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Communicating the design intent, from initial briefing through the design stage and on to the actual construction is vital to the success of any building project. This book looks at communication across physical, organisational and cultural barriers with a view to improving the design and construction process. The authors investigate communication issues across physical, organisational and cultural barriers and present clear guidance and practical advice.
Construction teams are usually complex, interdisciplinary and temporary, and, as such, the need for effective communication is crucial. However, published data regarding the manner in which individuals interact within the temporary project team is scarce, with little other than anecdotal evidence available. Recognizing this gap, Communication in Construction Teams provides a comprehensive overview of the literature on interpersonal communication and delivers a critical review of various research methods previously used in and outside the construction management field. Making use of Bales' interaction process analysis (IPA), a tool used successfully in many fields to collect interaction data, the text investigates the link between successful projects and the effectiveness of communication, finding that participants in the construction process exhibit regular patterns of interaction and, most significantly, that there are different patterns of interaction associated with successful and unsuccessful projects. Putting forward a number of practical suggestions to assist all actors involved in construction projects, this insightful publication will be of interest to researchers in the fields of building design and construction management.
Communication within project-based environments presents special challenges. This is especially true within the construction industry, where interaction tends to be characterised by unfamiliar groups of people coming together for short periods before disbanding to work on other endeavours. This book examines communication at a number of levels ranging from interpersonal interactions between project participants to corporate communication between organizations. Several non-typical perspectives on the process of communication are introduced to encourage the reader to think about communication in a more innovative manner. The combination of differing perspectives illustrates the diversity of communication problems facing those working within project-based environments. Practical guidance is provided on possible solutions to communication problems, and a number of examples and case studies are presented.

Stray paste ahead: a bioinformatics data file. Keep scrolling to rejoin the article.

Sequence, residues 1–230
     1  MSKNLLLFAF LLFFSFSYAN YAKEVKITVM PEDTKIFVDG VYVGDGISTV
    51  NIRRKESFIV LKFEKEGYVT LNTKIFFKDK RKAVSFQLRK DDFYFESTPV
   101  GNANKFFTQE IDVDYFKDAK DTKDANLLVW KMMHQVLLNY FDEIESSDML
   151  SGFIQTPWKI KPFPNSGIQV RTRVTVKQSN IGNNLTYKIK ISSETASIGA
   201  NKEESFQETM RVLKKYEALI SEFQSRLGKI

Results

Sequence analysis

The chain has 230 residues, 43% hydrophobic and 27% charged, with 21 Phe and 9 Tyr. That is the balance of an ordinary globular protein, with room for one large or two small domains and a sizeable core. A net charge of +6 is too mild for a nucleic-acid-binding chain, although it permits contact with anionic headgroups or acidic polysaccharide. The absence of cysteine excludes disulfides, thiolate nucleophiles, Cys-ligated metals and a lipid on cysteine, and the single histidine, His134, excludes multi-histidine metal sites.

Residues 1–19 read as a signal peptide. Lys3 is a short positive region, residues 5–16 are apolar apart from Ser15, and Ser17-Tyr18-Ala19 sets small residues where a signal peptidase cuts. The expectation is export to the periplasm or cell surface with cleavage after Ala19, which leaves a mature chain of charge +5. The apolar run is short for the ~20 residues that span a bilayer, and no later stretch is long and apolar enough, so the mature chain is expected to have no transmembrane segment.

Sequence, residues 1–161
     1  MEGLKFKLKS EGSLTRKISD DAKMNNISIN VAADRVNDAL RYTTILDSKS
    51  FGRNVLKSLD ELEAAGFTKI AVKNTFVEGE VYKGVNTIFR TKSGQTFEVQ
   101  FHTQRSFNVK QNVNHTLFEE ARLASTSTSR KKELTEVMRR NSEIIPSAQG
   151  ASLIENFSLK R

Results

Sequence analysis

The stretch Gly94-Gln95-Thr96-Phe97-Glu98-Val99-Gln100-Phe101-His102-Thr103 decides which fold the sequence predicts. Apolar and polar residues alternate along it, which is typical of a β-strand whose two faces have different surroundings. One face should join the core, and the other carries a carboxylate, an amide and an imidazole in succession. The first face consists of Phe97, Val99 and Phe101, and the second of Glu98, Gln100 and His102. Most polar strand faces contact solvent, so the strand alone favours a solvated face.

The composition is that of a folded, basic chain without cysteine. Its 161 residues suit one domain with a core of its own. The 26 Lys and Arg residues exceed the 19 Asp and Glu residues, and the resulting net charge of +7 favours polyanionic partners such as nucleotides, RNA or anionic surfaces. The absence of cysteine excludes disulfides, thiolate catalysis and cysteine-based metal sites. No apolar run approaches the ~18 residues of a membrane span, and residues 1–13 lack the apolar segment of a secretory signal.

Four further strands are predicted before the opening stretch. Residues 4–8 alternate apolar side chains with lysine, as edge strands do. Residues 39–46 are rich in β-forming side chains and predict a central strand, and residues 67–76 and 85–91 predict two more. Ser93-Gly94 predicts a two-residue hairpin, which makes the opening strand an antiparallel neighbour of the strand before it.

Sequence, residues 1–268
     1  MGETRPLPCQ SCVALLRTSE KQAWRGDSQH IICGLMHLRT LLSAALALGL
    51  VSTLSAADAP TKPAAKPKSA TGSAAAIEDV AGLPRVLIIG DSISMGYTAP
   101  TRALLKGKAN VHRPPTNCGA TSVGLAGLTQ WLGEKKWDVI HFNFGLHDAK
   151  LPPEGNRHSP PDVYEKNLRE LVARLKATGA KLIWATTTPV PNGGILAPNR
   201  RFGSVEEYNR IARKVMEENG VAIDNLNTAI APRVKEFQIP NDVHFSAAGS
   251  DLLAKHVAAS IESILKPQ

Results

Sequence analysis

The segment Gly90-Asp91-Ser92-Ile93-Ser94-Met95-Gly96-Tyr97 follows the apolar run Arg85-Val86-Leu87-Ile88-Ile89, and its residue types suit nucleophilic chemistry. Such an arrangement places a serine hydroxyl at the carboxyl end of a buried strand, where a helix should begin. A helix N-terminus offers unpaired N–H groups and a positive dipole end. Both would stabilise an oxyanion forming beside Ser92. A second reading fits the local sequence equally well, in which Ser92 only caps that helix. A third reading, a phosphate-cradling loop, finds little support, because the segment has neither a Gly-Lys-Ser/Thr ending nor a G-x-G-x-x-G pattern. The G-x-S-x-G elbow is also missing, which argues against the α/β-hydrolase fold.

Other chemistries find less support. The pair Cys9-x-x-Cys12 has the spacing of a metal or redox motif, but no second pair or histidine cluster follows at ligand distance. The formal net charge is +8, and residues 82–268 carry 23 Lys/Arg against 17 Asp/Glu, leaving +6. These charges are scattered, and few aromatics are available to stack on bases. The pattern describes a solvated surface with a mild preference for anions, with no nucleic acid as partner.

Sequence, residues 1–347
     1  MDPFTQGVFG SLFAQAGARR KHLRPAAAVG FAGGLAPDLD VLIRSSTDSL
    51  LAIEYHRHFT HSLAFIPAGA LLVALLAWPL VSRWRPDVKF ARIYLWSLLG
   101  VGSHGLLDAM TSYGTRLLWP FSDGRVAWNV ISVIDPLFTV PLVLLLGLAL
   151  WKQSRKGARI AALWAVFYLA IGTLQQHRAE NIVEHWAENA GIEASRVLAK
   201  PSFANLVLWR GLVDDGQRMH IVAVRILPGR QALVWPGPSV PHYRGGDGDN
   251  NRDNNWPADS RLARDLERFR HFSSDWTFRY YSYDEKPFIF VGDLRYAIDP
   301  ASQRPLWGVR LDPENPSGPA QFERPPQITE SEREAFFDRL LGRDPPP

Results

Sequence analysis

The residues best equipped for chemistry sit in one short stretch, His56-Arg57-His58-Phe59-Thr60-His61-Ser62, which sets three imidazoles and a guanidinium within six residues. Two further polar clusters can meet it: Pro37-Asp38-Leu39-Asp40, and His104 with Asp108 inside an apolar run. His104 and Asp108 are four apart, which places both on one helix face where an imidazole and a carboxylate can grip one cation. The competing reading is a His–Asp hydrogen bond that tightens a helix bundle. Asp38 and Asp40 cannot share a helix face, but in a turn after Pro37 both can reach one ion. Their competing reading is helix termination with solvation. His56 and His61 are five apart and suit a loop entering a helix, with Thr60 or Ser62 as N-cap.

In many arenas the debate is raging over the nature of sexual orientation. Queer Words, Queer Images addresses this debate, but with a difference, arguing that homosexuality has become an issue precisely because of the way in which we discuss, debate, and communicate about the concept and experience of homosexuality. The debate over homosexuality is fundamentally an issue of communication—as we can see by the recent controversy over gays in the military. This controversy, termed by one gay man as the annoying habit of heterosexual men to overestimate their own attractiveness, has been debated in communication-sensitive terms, such as morale and discipline. The twenty chapters address such subjects as gay political language, homosexuality and AIDS on prime-time television, the politics of male homosexuality in young adult fiction, the identification of female athleticism with lesbianism, the politics of identity in the works of Edmund White, and coming out strategies. This is must reading for students of communication practices and theory, and for everyone interested in human sexuality. Contributing to the book are: James Chesebro (Indiana State), James Darsey (Ohio State), Joseph A. Devito (Hunter College, CUNY), Timothy Edgar (Purdue), Mary Anne Fitzpatrick (Wisconsin, Madison), Karen A. Foss (Humboldt State), Kirk Fuoss (St. Lawrence), Larry Gross (Pennsylvania), Darlene Hantzis (Indiana State), Fred E. Jandt (California State, San Bernardino), Mercilee Jenkins (San Francisco State), Valerie Lehr (St. Lawrence), Lynn C. Miller (Texas, Austin), Marguerite Moritz (Colorado, Boulder), Fred L. Myrick (Spring Hill), Emile Netzhammer (Buffalo State), Elenie Opffer, Dorothy S. Painter (Ohio State), Karen Peper (Michigan), Nicholas F. Radel (Furman), R. Jeffrey Ringer (St. Cloud State), Scott Shamp (Georgia), Paul Siegel (Gallaudet), Jacqueline Taylor (Depaul), Julia T. Wood (North Carolina, Chapel Hill).
Today, students are more familiar with other cultures than ever before because of the media, Internet, local diversity, and their own travels abroad. Using a social constructionist framework, Inter/Cultural Communication provides today's students with a rich understanding of how culture and communication affect and effect each other. Weaving multiple approaches together to provide a comprehensive understanding of and appreciation for the diversity of cultural and intercultural communication, this text helps students become more aware of their own identities and how powerful their identities can be in facilitating change—both in their own lives and in the lives of others.

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